Thermodynamics B/C

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Re: Thermodynamics B/C

Postby Justin72835 » March 30th, 2018, 5:40 pm

You have a metal pot with heat capacity 540 J/K at a temperature of 114 °C. You then add 350 mL of water at 23 °C into the pot.

a. Is there any steam produced? (yes or no)

b. If yes, then what is the final temperature of the steam? If no, then what is the equilibrium temperature between the water and the pot?
Assuming the whole pot of water has to get to 100 degrees before any steam is produced:
Energy to heat water + energy to boil water + energy to heat steam = energy lost from metal pot.

=> T = -615 degrees Celsius, which is clearly impossible.


=> T = 47 degrees Celsius

a) No
b) 47 degrees Celsius
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Re: Thermodynamics B/C

Postby UTF-8 U+6211 U+662F » March 31st, 2018, 6:23 pm

Explain why we can make assumptions in the derivation of the ideal gas law, PV = nRT, such as "The number of molecules moving in each axis (x, y, and z) is equal".

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Re: Thermodynamics B/C

Postby Justin72835 » April 3rd, 2018, 11:35 am

Explain why we can make assumptions in the derivation of the ideal gas law, PV = nRT, such as "The number of molecules moving in each axis (x, y, and z) is equal".
Answer
Not really sure about this one. My answer would be that because the molecules are so small, there are so many of them, and they have relatively little interaction with one another, you can assume that all the molecules follow Newton's Law of Motion and collide elastically with each other. From this, you are able to draw other conclusions as well.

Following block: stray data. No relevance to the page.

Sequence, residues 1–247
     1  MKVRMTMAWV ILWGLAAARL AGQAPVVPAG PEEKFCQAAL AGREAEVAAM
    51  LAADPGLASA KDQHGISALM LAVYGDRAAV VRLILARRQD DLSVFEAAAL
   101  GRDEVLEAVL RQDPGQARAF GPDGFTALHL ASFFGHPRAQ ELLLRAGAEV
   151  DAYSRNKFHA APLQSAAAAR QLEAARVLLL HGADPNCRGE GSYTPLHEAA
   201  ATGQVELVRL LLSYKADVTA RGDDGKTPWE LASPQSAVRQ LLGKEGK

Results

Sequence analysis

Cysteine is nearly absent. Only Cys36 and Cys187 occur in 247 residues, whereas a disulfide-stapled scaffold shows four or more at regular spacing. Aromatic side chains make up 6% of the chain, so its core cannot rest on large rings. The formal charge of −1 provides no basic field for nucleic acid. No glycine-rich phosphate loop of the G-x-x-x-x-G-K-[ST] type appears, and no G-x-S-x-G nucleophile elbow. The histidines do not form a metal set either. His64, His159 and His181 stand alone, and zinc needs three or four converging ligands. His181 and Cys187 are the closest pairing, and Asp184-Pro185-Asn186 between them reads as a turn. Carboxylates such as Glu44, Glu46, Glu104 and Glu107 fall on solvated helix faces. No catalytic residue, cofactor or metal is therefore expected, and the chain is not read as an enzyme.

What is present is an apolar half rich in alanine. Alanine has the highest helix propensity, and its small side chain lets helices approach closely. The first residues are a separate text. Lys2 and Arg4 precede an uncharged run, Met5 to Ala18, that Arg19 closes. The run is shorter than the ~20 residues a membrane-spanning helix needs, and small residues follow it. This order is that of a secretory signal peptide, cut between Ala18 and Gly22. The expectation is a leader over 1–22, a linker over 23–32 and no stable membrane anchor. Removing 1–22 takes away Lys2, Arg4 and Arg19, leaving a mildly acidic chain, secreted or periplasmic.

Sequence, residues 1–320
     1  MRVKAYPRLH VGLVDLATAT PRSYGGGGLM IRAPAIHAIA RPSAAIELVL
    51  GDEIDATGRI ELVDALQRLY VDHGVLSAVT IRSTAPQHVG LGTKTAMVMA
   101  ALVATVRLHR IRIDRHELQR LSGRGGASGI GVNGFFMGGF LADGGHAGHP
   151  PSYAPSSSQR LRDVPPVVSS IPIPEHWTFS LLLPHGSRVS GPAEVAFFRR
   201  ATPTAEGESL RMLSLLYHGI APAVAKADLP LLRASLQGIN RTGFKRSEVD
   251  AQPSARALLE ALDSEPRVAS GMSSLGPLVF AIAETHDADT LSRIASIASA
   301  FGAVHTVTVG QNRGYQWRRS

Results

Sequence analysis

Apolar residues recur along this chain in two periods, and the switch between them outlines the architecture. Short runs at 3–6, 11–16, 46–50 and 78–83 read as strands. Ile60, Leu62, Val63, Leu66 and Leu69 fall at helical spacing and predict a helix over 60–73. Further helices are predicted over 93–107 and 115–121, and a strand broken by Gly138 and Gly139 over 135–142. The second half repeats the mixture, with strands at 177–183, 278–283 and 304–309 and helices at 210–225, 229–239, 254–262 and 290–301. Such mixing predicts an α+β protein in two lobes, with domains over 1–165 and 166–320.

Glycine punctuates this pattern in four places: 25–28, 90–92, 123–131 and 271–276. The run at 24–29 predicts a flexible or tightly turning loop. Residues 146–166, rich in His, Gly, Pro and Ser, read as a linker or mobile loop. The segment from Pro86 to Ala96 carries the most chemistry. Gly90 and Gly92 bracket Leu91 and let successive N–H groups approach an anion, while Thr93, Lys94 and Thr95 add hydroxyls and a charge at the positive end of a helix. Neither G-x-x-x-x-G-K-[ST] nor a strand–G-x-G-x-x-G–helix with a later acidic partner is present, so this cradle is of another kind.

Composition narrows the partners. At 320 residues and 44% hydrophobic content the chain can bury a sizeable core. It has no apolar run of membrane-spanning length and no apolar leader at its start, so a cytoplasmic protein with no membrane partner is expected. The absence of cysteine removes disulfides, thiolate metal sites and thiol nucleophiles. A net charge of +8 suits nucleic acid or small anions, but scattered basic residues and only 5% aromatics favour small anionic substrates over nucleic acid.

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Re: Thermodynamics B/C

Postby UTF-8 U+6211 U+662F » April 3rd, 2018, 5:44 pm

Explain why we can make assumptions in the derivation of the ideal gas law, PV = nRT, such as "The number of molecules moving in each axis (x, y, and z) is equal".
Answer
Not really sure about this one. My answer would be that because the molecules are so small, there are so many of them, and they have relatively little interaction with one another, you can assume that all the molecules follow Newton's Law of Motion and collide elastically with each other. From this, you are able to draw other conclusions as well.
Yep, your turn
for the record, I was just looking for there being so many molecules that statistical treatment can be applied to them (especially that they have approximately random motion)

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Re: Thermodynamics B/C

Postby Justin72835 » April 3rd, 2018, 10:26 pm

Two gases occupy two containers, A and B. The gas in A, of volume 0.14 cubic meters, exerts a pressure of 1.18 MPa. The gas in B, of volume 0.21 cubic meters, exerts a pressure of 0.82 MPa. The containers are united by a tube of negligible volume and the gases are allowed to intermingle. What is the final pressure in the container if the temperature remains constant?
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Re: Thermodynamics B/C

Postby MattChina » April 4th, 2018, 7:05 am

Two gases occupy two containers, A and B. The gas in A, of volume 0.14 cubic meters, exerts a pressure of 1.18 MPa. The gas in B, of volume 0.21 cubic meters, exerts a pressure of 0.82 MPa. The containers are united by a tube of negligible volume and the gases are allowed to intermingle. What is the final pressure in the container if the temperature remains constant?
answer
0.964?
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Re: Thermodynamics B/C

Postby Justin72835 » April 4th, 2018, 6:51 pm